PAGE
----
As the old saying goes, you learn something new every day, and that’s no less true with music. Take for example Mark Lanegan—erstwhile frontman for nineties grunge anti-stars, The Screaming Trees, some-time member of Queens of the Stone Age, solo artist, and collaborator with everyone from Isobel Campbell to Moby. He’s a remarkably prolific artist, and keeping up with all of his projects is no easy task. Still, as a long-time fan of the baritone-voiced vocalist, you’d have thought I would be aware of his fondness for Krautrock and eighties new wave, right? I mean, in hindsight, the signs were there on his last solo album, Blues Funeral, but perhaps the sounds of the bands he now cites as influences—Echo and the Bunnymen, Rain Parade and the Gun Club—hadn’t quite taken root in 2012. Or maybe I’m just going deaf.
No danger of not hearing those influences this time around though, as they’re brought very much to the fore on the excellent Phantom Radio. The album picks up on a similarly ambient vibe, with its electronic flourishes and synthetic drum loops (created using an app on Lanegan’s phone named FunkBox) over which Lanegan’s rich tones float, to mesmerising effect. First single, ‘Floor Of The Ocean’, propelled by an insistent, metronomic beat and swathes of moody guitar embodies this newish direction in superb style, while ‘The Killing Season’ features a synth interlude that sounds like something from a Jean Michel Jarre record. It’s all a far cry from the long, flailing locks and plaid shirts of vintage ’Trees (see the likes of ‘Dollar Bill’ and ‘Nearly Lost You’).
Still, there remain one or two similarities with the group with whom Lanegan cut his teeth. That voice, for one. It’s utterly unmistakeable, and equally capable of mining a rich vein of emotion—as on the stirring opening track, ‘Harvest Home’—as it is soothing the listener into uneasy sleep. ‘I Am The Wolf’, for example, co-written with guitarist Duke Garwood, is a haunting, acoustic number in which Lanegan declares “I am the wolf, without a pack/Banished so long ago, surviving on another’s kill.” Lyrically, the big man continues to explore some dark themes: despair, regret and loneliness all rear their ugly heads on Phantom Radio, and with tracks titled ‘The Killing Season’ and ‘Death Trip To Tulsa’… well, Pharrell Williams this ain’t.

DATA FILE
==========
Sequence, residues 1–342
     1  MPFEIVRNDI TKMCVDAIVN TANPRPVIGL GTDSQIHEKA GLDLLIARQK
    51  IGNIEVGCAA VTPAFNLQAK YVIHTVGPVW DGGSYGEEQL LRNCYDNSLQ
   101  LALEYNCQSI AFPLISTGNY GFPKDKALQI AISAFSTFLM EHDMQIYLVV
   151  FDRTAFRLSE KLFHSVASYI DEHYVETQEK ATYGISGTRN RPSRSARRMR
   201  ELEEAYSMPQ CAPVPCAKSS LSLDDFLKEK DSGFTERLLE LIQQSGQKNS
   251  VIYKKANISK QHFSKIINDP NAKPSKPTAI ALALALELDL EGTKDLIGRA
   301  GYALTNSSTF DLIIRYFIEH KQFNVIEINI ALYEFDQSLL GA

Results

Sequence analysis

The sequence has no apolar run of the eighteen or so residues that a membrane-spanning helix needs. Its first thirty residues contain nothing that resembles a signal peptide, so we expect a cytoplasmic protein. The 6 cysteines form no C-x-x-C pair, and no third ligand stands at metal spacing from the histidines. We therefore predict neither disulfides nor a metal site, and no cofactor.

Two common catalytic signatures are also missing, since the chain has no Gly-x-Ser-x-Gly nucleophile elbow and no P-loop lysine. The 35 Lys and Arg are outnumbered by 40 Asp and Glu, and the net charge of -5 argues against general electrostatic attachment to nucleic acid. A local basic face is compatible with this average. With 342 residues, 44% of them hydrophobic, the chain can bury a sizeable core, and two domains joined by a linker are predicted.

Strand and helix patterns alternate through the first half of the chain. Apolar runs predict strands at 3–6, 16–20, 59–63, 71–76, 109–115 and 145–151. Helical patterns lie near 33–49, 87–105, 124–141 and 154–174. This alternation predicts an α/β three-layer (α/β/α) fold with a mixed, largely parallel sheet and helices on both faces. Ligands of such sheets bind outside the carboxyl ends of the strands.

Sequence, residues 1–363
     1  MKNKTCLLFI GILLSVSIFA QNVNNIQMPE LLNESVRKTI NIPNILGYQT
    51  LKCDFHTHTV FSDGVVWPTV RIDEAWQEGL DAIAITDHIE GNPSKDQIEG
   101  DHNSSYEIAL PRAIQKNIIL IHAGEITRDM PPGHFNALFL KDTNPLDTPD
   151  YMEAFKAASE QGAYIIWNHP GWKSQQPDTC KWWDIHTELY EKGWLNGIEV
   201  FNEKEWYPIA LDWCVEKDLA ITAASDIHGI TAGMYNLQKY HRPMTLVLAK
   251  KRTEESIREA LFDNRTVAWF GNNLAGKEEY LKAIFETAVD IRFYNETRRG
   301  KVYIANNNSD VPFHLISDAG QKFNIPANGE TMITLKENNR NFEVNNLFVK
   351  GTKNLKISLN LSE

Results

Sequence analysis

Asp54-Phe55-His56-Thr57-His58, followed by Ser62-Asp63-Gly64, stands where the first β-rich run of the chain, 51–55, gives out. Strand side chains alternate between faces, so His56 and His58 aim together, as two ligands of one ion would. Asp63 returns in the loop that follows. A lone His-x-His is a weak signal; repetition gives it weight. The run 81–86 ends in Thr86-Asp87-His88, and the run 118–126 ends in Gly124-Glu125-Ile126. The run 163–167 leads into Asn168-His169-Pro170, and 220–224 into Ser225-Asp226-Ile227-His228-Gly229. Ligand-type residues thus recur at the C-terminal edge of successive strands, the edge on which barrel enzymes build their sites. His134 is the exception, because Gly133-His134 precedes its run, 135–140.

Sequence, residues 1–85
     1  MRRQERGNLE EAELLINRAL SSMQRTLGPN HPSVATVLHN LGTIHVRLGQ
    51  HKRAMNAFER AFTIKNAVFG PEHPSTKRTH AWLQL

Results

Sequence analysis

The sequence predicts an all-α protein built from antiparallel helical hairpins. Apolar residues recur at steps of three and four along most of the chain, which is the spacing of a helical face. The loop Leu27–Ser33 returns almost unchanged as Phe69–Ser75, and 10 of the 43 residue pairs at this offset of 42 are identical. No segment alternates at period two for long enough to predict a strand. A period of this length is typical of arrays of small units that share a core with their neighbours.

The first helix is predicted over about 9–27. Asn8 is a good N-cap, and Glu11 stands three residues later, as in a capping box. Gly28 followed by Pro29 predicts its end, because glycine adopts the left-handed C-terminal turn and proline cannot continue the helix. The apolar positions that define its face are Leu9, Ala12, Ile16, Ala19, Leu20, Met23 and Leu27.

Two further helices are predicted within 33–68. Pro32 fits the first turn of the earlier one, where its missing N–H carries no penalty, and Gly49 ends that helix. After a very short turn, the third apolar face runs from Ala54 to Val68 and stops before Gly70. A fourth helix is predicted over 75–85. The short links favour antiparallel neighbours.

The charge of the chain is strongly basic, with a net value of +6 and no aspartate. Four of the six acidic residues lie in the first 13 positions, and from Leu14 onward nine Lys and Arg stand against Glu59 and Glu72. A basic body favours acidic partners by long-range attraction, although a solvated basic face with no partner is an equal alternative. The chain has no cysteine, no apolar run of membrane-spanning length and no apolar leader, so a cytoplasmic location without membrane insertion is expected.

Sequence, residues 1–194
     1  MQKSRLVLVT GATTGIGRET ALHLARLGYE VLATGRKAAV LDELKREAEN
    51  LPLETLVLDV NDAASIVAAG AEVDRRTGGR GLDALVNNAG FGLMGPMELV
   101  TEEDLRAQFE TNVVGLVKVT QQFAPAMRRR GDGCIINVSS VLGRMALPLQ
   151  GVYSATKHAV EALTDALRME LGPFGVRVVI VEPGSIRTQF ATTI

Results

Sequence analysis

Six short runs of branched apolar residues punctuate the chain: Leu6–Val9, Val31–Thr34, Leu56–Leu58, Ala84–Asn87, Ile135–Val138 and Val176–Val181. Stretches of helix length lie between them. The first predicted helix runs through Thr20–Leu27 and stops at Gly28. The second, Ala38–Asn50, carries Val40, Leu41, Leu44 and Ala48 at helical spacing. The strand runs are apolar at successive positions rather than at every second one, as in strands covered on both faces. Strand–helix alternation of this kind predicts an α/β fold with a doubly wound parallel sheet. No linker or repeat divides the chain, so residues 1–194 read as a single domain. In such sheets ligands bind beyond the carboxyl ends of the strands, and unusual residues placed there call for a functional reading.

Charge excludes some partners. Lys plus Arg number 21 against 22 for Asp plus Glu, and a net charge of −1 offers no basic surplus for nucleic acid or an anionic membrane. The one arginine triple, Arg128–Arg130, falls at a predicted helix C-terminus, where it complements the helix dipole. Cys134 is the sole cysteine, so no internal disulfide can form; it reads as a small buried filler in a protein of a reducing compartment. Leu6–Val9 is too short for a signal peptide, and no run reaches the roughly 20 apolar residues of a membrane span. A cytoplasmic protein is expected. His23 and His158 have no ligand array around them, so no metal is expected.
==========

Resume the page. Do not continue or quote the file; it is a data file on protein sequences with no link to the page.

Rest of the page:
Such is the mollifying manner in which Lanegan delivers his words, however, that the impact is never entirely gloomy, and you’ll find no better example of this than on ‘Torn Red Heart’—reputedly Lanegan’s own personal favourite of the album—which opens with the lines “You don’t love me/What’s to love anyway?” and ruminates sublimely on the pain of a broken heart. With this in mind, and as the nights draw in, Phantom Radio might just prove to be the perfect soundtrack those autumn evenings and the accompanying ponderings to which many of us are prone. Enjoy.